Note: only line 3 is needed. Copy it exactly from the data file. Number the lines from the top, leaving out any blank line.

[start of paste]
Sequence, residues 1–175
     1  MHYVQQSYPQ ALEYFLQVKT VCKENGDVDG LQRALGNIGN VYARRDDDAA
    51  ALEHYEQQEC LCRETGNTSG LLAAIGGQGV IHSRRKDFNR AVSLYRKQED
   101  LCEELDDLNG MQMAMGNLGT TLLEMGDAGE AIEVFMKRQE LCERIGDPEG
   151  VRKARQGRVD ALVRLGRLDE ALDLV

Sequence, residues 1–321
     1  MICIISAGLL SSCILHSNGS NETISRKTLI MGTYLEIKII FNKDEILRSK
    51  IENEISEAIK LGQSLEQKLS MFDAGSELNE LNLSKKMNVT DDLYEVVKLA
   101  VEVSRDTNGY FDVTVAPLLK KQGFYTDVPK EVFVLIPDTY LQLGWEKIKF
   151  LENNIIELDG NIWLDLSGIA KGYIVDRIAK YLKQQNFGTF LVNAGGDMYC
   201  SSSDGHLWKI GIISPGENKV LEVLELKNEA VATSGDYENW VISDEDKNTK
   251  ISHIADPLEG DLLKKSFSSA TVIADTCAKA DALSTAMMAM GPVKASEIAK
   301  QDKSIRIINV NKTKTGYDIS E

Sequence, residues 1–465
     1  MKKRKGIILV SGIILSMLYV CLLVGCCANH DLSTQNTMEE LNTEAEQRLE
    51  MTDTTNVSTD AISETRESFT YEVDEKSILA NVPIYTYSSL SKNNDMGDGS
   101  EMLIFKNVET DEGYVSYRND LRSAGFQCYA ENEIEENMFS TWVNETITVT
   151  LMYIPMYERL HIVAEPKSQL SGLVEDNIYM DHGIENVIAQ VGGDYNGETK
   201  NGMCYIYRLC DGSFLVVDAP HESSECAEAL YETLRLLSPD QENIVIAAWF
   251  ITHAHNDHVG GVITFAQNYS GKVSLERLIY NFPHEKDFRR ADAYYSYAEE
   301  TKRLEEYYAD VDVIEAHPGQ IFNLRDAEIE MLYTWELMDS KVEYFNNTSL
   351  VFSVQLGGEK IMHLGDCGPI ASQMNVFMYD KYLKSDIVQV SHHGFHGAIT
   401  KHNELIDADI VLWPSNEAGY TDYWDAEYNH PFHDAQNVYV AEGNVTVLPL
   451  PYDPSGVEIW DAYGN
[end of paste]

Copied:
    51  ALEHYEQQEC LCRETGNTSG LLAAIGGQGV IHSRRKDFNR AVSLYRKQED